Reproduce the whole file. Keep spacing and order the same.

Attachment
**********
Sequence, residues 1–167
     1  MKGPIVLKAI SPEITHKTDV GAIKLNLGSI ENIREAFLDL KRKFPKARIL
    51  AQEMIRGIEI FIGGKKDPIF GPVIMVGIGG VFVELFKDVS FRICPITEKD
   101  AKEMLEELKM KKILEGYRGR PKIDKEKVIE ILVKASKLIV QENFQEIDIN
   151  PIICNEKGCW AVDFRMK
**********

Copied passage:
Sequence, residues 1–167
     1  MKGPIVLKAI SPEITHKTDV GAIKLNLGSI ENIREAFLDL KRKFPKARIL
    51  AQEMIRGIEI FIGGKKDPIF GPVIMVGIGG VFVELFKDVS FRICPITEKD
   101  AKEMLEELKM KKILEGYRGR PKIDKEKVIE ILVKASKLIV QENFQEIDIN
   151  PIICNEKGCW AVDFRMK